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Just My Thoughts: September is Suicide Prevention and Awareness Month

Kerrie Kleppin-Winn
September 17 2020

September is Suicide Prevention and Awareness Month.

Sometimes it strikes me as odd that there IS such a thing, and that someone decided to set aside a whole month just for this issue.  Well, it used to.

At the ripe old age of not-quite-fifty, I can tell you that I have two very close friends who have both lost their husbands to the grips of mental illness and suicide.  They are widows.  And, in my opinion, much too young to be tagged with this moniker and its stereotypes.

I watch both of them struggle to make sense of senseless situations.  I try to love and support them through those struggles and the pain that comes with it.  But the reality is I cannot begin to understand that kind of grief. I can only stand along side and offer hugs and baked goods and a listening ear when they need it.

But because of these two dear souls, I now understand why there is a month – and ENTIRE month – dedicated to preventing one more death like this.

Research has found that 46% of people who die by suicide had a known mental health condition. But there are other factors to consider: substance abuse, family history of suicide, history of trauma, even age and gender are considerations, believe it or not.  (Women are far more likely to CONSIDER suicide, but men are FOUR TIMES more likely to die by suicide.)  The statistics are never ending.  And frankly, overwhelming.

And because of those statistics, I’m now going to say to you all: raise your hand if you do not know any one single person that has somehow been impacted by suicide.

I’m going to be very shocked if any of you can raise your hand.

As a congregation, we all mourned with Rick Brenneman when we tragically lost Felix. For better or worse, that moment in time made us – the congregation of First Central – step up and put the wheels in motion to become a WISE (Welcoming, Inclusive, Supportive and Engaged) Congregation for Mental Health.  I’m still heartbroken for the event that led us down that path, but I am grateful that we responded in that way.

The church office recently got an email inquiry from another UCC church in Wisconsin who is considering becoming a WISE congregation.  They wanted to speak with someone in our church about the process.  I wasn’t really sure I was the one equipped to answer their questions, but I felt I knew enough to at least say “let me get back to you on that one” if something popped up that was out of my league.

And so one day earlier this month I had a lovely phone chat with a new friend in Wisconsin.

He had lots of questions that I apparently was able to answer sufficiently for his fact-finding purposes. I can’t really remember exactly.  What does stick with me, and what I remember with absolute clarity is that he asked, “How did you know your congregation would be willing to take on the responsibility of a WISE congregation?”

“I don’t think that was ever in question, frankly.  That is just who we ARE,” I said without even really thinking about it.

There was silence on the other end of the phone.

When I went on to try to explain myself two things became crystal clear:  1) I don’t think I mis-spoke when I said that. We are a compassionate and kind and loving and caring group of souls.  But more than that, we all tend to put those things into action. And secondly, apparently, this is rare.

As I see it, I could pick up the phone at any point in my life and call any number of my church family, with any sort of question or request, and not only would I feel that I was heard, I would also be supported through whatever tangled mess I felt life threw at me. And, I would hope that any number of folks would feel the same if they picked up their phone to call me.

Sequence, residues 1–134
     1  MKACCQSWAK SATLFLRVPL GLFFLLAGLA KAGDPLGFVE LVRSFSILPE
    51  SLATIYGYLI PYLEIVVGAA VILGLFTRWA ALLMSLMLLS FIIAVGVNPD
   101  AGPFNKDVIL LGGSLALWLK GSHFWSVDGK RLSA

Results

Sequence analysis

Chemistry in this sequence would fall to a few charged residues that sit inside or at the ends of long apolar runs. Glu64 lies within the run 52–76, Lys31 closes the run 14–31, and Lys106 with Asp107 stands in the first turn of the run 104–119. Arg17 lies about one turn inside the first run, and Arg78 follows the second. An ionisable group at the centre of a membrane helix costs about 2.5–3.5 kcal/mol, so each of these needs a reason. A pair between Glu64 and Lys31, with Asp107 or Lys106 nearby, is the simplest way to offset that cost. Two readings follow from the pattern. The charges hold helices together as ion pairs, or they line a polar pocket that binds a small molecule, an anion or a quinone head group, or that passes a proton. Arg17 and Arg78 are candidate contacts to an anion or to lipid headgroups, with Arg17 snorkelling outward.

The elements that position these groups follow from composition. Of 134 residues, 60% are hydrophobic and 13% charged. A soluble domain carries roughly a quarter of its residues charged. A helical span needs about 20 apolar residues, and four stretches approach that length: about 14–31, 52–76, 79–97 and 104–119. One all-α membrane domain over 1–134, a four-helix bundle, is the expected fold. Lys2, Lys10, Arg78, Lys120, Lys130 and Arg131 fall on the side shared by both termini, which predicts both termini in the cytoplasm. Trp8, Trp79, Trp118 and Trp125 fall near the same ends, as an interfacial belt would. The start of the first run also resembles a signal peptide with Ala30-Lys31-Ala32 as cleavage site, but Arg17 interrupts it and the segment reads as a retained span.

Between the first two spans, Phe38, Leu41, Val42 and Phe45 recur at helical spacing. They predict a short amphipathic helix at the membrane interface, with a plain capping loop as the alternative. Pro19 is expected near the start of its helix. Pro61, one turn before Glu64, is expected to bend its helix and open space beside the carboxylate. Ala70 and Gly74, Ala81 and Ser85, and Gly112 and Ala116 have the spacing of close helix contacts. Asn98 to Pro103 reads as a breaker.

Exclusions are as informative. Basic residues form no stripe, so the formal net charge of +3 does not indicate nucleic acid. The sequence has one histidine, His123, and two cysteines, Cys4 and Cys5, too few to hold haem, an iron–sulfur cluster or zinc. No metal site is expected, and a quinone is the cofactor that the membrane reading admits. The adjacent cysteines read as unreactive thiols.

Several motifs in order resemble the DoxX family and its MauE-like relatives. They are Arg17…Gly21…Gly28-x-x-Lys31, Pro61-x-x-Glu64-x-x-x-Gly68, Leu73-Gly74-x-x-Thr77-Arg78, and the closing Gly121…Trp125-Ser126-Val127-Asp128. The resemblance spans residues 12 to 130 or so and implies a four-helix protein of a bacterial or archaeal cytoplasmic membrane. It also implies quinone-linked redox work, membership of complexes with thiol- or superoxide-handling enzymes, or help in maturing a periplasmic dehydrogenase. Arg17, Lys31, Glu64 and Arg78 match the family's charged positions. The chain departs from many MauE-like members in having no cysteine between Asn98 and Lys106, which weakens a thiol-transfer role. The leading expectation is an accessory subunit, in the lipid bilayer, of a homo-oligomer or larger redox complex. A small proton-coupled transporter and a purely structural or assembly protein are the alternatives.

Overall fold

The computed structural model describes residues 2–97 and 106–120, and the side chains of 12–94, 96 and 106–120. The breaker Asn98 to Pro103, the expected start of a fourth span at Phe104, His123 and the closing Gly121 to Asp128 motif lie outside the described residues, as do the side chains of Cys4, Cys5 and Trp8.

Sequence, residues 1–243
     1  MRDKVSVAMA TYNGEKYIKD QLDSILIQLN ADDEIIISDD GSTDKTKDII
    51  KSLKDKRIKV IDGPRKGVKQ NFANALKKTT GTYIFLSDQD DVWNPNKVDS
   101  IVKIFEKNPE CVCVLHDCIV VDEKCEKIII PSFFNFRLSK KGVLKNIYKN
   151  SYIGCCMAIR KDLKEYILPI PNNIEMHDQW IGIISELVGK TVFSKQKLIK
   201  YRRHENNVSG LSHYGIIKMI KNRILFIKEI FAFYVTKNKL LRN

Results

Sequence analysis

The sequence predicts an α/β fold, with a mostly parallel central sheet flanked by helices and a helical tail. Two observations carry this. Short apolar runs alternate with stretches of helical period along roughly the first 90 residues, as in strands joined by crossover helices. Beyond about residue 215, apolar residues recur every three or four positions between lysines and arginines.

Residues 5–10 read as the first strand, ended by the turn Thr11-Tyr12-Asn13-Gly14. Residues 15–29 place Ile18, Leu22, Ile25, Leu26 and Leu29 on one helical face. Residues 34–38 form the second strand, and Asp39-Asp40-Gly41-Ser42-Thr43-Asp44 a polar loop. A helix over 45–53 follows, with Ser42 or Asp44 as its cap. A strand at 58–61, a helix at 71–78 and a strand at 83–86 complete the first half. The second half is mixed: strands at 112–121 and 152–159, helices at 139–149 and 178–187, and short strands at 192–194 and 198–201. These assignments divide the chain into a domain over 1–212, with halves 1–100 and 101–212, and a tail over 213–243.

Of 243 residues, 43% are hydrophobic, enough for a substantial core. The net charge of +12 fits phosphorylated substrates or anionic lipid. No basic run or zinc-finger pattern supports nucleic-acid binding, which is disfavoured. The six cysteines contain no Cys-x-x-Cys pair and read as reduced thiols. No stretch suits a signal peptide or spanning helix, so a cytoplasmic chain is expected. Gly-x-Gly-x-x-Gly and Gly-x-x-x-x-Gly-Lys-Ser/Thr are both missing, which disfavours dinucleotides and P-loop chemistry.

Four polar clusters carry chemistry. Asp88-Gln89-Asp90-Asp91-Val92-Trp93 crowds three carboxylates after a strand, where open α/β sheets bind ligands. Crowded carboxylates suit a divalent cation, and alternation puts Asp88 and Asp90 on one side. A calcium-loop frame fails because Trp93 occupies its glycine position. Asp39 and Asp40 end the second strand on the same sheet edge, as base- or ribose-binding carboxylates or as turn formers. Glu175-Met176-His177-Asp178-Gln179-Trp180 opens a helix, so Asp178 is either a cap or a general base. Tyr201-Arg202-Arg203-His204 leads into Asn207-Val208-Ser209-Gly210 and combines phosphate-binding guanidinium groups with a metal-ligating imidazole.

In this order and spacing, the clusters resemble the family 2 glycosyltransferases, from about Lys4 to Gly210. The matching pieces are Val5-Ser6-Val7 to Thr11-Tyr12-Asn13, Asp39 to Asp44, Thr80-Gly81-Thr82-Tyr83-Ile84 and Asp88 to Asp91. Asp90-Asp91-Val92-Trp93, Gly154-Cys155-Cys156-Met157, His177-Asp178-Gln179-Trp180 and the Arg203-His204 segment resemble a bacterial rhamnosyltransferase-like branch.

It’s just who we are.

And so, THAT is why it’s important for us to take a minute and recognize that we are smack dab in the middle of Suicide Prevention and Awareness Month. To take a minute to reflect on the folks among your circles OUTSIDE of our church family that might be struggling. In case you hadn’t noticed, there is an awful lot going on in our greater world right now, not to mention what might be happening on smaller, more personal scales with friends and loved ones in your midst.

That whole “hands and feet” thing that Jesus talked about?  I think this is what he was talking about. I think this is where it comes into play.

Another one of the risk factors for suicide is … get this… periods of prolonged stress.  See also: Global Pandemic.  Joblessness.  Fires and hurricanes we cannot control.

So, please, I beg you, jump on the phone, or the computer and set up a drive way date if you need to, but please, please check in on your friends and your family. REALLY check in. Make sure they are OK.  And if someone is struggling, offer as much support as you are comfortable with and then reach out to others who can help.

And finally: It is OK to not be 100% OK right now. Really, it is.  We are all just trying to do the best we can on any given day in this weird world in which we now find ourselves living. But, and it’s a really big but, if you EVER, even for a second feel like it is just all too much, and it’s just too overwhelming, please, call someone.  Call me, call the church office, open the church directory and blindly pick a number. But do NOT for a single second think that you are facing any sort of crisis alone.

There’s a whole congregation of folks who love you, and who need you, and who are pretty willing to help you with just about anything life might have handed you.  I promise.

 

The National Alliance on Mental Illness has a host of resources to help identify the signs of suicide as well as helpful tools to help you navigate other mental health emergencies.  You can also call the national suicide prevention lifeline at any time: 800.273.8255